For a few days I have been toying with an idea. Today I made it real. Not ready to give up on this blog completely but I thought that I would try something new. And if it works out, you won't just be reading my stuff there but others as well.
Tuesday, May 17, 2011
Monday, May 16, 2011
It all started with tonight's season finale of "Gossip Girl." Yes, I watch it. And? The episode was filled with the requisite drama and some actually insightful relationship advice. Oh, and this song.
And if you know me, then you know that music makes me all like Benjy in The Sound and the Fury. The neurons start firing and I'm all over the place in terms of memories. One song leads to a memory that leads to yet another song and yet another memory.
Through it all was one question -- who do I want to be in this chapter of my life? I know that I can no longer go out five nights a week like when I was 30. (And before you have a hissy fit and all, let me just tell you that my rule on a "school night," was that I had to be on my way home by midnight at the latest. For the most part.) What I love about that person was that she could find fun in the smallest of things; she knew that sometimes the best happens when you least expect it. Life is not built upon plans. Well maybe for some it is but sometimes letting go is what one needs. It's all about flying without a net.
My mother and I were talking about my aunt recently. She was one of the biggest, coldest bitches around. I still remember crying years ago when I found out that she was talking major shit about me around town. I didn't speak to her for a year. And then she got sick. And I forgave her everything and was her friend again. Going on three years and I still miss the hell out of her. Because for all her shit talking, the lady certainly knew how to have fun and to be the life of the party. That's what I want -- minus the cruel bitchiness.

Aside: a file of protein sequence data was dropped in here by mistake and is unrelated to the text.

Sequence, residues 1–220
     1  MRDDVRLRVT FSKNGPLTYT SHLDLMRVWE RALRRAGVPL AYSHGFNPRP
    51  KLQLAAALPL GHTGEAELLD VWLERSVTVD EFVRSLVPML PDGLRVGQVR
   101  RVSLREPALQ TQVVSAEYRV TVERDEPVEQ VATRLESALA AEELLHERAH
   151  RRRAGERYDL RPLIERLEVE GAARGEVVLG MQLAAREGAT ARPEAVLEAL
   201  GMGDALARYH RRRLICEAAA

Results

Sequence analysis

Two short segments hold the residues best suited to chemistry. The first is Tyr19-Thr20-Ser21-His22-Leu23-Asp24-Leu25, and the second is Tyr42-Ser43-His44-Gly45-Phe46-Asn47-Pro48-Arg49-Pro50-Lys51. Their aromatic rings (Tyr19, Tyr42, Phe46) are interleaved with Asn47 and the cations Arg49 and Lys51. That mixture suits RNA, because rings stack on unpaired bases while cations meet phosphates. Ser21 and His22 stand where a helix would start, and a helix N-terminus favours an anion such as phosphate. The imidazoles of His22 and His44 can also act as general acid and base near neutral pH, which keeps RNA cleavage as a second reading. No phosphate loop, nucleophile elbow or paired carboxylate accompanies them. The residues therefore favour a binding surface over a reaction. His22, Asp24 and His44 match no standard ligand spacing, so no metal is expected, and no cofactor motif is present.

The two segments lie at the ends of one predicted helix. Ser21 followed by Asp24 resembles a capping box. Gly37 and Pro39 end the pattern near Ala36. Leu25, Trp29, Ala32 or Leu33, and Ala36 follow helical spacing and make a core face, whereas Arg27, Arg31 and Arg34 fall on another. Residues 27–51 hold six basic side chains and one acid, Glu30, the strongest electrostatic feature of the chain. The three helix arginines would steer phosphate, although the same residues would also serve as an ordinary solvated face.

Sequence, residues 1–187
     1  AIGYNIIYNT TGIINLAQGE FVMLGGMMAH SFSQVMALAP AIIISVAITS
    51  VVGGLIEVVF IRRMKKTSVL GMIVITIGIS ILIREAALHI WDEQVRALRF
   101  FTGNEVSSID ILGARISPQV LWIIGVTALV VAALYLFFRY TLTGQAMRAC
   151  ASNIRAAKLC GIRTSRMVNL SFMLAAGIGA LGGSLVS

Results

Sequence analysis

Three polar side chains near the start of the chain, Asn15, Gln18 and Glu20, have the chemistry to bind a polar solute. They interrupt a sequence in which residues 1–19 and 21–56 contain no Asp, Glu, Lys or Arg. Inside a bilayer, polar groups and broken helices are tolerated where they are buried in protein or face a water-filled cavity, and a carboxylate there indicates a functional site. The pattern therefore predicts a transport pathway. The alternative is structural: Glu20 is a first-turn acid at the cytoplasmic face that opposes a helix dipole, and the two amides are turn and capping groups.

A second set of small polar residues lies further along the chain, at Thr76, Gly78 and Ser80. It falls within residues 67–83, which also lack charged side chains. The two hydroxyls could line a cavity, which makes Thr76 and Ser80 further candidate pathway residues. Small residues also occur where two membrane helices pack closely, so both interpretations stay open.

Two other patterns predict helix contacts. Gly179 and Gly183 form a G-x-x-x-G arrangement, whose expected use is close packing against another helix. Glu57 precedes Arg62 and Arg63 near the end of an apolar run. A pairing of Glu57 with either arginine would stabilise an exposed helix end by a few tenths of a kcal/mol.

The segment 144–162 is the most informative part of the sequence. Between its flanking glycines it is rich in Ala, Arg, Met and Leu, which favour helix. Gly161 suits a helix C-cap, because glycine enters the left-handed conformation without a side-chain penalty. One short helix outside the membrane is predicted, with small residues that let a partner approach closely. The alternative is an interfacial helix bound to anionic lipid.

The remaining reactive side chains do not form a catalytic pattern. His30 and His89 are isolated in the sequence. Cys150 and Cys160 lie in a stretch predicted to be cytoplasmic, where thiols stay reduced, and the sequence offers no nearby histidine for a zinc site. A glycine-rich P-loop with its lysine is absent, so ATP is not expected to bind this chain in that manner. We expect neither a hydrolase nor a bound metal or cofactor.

As much as I love some of my friends, I feel like they are the wet towel on me. My Santa Cruz friend recently posted on Facebook about feeling pressured for years to not truly express herself and to give into the will of her peers. I like to think that by peers, she didn't mean me. I had a weird life in high school. I hung with the "outcasts" yet I was involved in student government. Back in those days I had a conversation with friends about not fitting in. They told me that I could be accepted if I wanted to. Probably. In some ways back then I was deeply wrapped up in making everyone happy so that I could get their approval at some level. But what I love most about my angst-filled teenage self was that once she got that approval, she was able to walk away. She firmly believed in unconditional love.
But I guess this is all the heart of the partygirl me -- having fun and caring yet not caring what people think. I think over the last couple of years there has been plenty of the second and not enough of the first. It's giving one's self to not be perfect at all times. Because really perfection is quite boring. And boring is something I never want to be. What's the quote? "Well behaved women never made history."
Saturday, May 14, 2011
Last weekend I held what I had hoped to be the first Derby de Mayo -- a blend of Cinco de Mayo and Derby Day. And of course I had meant to take photos of the food -- a blend of Mexican and Southern natch -- to post here but I got caught up in conversations. And then at the end of the evening I was kind of emotionally sideswiped. My last two guests in attendance, Emerald and Marin, decided to hold an intervention of sorts. "We think you've been drinking too much lately." Um, did you miss the partygirl memo? Sheesh. "And we think you should go to therapy." Been there, done that, got the t-shirt. Really. Add up all my time over the years and I've done at least four to five years of therapy. As my last therapist told me about three years ago, I already have all the tools; I just have to give myself permission to use them. And sometimes sitting in the despair just feels kind of good while you're trying to figure things out. I awoke on Sunday emotionally drained. As such I slept most of the day -- literally. By Monday I was recharged and kind of pissed off. Pissed off is a good thing for me; it's where I find the energy to make change.